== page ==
That leads me, almost neatly, into one of the great social reforms of this Parliament, and that is of course gay marriage. The right of same-sex couples to demonstrate their love and commitment to each other before their family and friends will be a lasting social reform of this Parliament. The legislation is brought forward by this coalition Government but supported by Members from all parties around the House. Bristol West has three Quaker meeting houses, a Unitarian chapel and a reform synagogue, so the country’s first same-sex marriage may well be in my own constituency—but, personally, I am still waiting for my own Prince Charming so that I may be able to take advantage of this new legal right.
Whatever the background of my constituents, my Lib Dem colleagues and I want to build for them a stronger economy and a fairer society where everyone is able to get on in life. We already know that by the end of this tax year the amount of pay that people can take home free of income tax will have been raised to £10,000. It was announced today in the Queen’s Speech that there will be a national insurance contributions Bill giving employers a £2,000 national insurance credit, enabling them to take on take on new employees. That means that a business could take on four adults on the national minimum wage and pay no national insurance. Moreover, 450,000 small businesses will have their national insurance bills eliminated completely. We have cut taxes for people in work and we are also cutting national insurance and reforming child care to enable people to enter or stay in employment.
In Bristol, the new enterprise zone around Bristol Temple Meads station will become a hub for media businesses. Bristol already has a worldwide reputation for film making, with Aardman Animations perhaps the most famous, especially for its cartoon characters, Wallace and Gromit. This summer, Bristol will be adorned with 80 statues of its most famous animated dog, and they will be sold at a “Gromit Unleashed” auction in order to raise money for the Bristol children’s hospital. Before that auction takes place, I would like to invite the Leader of the Opposition to come to Bristol to pose next to a statue of Gromit—I am sure the cartoonists would be delighted.
I came into politics to tackle the social inequality—particularly in education and health—that I found in the village where I grew up and in the city where I have lived all my adult life. Bristol has some schools where almost everyone achieves high grades and proceeds to university, but there are also some schools in the city where expectations historically have been the opposite. I am delighted that the Lib Dem policy of the pupil premium, brought into life by this coalition Government, is already giving extra resources for each child on free school meals and will make a huge difference to their life chances.
Health inequalities are also stark in Bristol. The biggest cause of early death is, of course, smoking. If I am allowed on this occasion to express one disappointment with the Queen’s Speech, it is with the lack of new measures to reduce the number of children taking up smoking. The regulation of lobbyists was also absent from the Queen’s Speech. I am sure that some will conclude that tobacco lobbyists will celebrate that as a double victory.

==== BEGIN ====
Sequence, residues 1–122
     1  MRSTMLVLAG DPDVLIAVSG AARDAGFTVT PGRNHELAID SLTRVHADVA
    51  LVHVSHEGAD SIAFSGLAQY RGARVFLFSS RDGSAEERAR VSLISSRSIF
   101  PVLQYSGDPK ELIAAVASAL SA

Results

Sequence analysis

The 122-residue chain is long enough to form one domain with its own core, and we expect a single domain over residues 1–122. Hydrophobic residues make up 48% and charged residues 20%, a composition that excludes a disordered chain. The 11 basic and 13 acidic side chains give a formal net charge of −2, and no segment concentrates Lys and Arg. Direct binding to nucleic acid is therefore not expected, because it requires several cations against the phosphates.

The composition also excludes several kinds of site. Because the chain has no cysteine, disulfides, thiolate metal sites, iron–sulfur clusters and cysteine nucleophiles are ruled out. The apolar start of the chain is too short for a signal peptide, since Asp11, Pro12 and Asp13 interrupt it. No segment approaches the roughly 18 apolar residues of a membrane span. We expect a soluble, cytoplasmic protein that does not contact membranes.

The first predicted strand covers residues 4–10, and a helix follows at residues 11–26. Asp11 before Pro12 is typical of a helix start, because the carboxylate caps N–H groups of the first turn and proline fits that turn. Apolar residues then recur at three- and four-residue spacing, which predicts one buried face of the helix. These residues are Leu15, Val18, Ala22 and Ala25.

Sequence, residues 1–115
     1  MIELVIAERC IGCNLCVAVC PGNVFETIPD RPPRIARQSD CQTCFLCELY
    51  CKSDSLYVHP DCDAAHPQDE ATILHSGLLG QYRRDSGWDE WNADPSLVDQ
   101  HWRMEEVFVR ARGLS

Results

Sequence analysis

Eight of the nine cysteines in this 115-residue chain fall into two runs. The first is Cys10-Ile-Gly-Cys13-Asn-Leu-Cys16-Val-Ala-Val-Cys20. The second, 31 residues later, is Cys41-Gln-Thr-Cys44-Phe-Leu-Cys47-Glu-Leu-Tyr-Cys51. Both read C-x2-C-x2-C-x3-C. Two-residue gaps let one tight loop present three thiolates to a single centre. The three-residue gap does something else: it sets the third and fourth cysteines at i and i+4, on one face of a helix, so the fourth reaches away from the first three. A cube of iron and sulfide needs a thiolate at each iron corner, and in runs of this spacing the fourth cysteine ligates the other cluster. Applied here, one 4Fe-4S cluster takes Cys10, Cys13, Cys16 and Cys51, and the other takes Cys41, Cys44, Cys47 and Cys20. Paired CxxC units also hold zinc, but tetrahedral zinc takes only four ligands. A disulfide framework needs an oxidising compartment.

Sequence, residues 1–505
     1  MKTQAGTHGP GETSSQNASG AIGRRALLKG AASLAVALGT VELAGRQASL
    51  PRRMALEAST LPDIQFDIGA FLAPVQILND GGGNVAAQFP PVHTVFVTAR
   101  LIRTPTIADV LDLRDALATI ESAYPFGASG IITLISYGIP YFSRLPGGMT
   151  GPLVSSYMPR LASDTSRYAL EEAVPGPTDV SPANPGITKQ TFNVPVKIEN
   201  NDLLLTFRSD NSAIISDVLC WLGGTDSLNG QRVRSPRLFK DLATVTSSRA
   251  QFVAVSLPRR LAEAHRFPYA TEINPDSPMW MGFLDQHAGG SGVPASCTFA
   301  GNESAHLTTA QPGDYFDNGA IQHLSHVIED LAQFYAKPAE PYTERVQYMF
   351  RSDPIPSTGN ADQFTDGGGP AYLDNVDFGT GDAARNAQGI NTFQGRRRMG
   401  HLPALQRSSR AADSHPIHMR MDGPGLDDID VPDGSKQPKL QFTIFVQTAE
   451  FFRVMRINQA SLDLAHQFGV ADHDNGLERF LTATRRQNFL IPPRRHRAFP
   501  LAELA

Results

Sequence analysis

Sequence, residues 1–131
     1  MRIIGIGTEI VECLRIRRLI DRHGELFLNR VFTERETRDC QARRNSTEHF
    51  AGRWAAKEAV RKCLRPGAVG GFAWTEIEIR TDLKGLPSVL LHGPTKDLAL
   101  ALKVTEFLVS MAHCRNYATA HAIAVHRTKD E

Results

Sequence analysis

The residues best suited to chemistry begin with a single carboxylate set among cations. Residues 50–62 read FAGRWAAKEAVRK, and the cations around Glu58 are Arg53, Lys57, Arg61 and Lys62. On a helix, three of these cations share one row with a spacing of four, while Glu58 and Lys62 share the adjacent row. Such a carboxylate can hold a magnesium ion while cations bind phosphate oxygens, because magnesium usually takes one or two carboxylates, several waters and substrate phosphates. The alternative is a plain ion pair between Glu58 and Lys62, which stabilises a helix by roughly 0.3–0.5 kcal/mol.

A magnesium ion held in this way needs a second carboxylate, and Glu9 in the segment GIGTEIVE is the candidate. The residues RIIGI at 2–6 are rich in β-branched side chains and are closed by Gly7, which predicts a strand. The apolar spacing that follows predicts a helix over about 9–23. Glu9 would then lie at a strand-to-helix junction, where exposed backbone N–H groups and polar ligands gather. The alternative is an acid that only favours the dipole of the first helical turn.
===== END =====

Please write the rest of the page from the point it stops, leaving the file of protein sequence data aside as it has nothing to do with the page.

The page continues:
Many of us will be pondering the lessons and meanings of last week’s local election results. Perhaps, as Disraeli said,
“England does not love coalitions.”—[Official Report, 16 December 1852; Vol. 123, c. 1,666.]
I do not think so. All three main parties should be concerned about why people are turning to what might be thought of as marginal parties. Robert Kennedy, when trying to understand the appeal of Governor Wallace of Alabama, said:
“About one-fifth of the people are against everything all of the time.”
We need to think about how to counter this new, curious alliance of Nigels, who both advocate withdrawal from Europe and deny the human contribution to climate change.
On the European Union, Europhiles, such as me and many of my colleagues, and Euro-pragmatists in the Government need to make the case for Britain’s participation in Europe, and we need to do so with some urgency. On the EU, immigration and climate change, I believe that leadership, not followership, is required.
Finally, my most illustrious predecessor as MP for the historic city of Bristol was Edmund Burke. He had much to say on that matter and wrote to his constituents:
“it ought to be the happiness and glory of a representative to live in the strictest union, the closest correspondence, and the most unreserved communication with his constituents.”
He concluded his address to the electors of Bristol:
“Your representative owes you, not his industry only, but his judgment; and he betrays, instead of serving you, if he sacrifices it to your opinion.”
That is all very well, but I am afraid that in 1780 the electors of Bristol showed Mr Burke the door. In 2013 we have to listen as well as lead. I am not sure what Edmund Burke would have made of 38 Degrees.
I would like to thank all of my constituents in Bristol West for the hundreds of letters and e-mails they send me every month, and I am sure there will be plenty on this Queen’s Speech. It is with them uppermost in my mind and on behalf of my 92,000 electors in Bristol West that I say that it has been a pleasure and a privilege to second this Humble Address to Her Majesty, thanking her for her Gracious Speech today.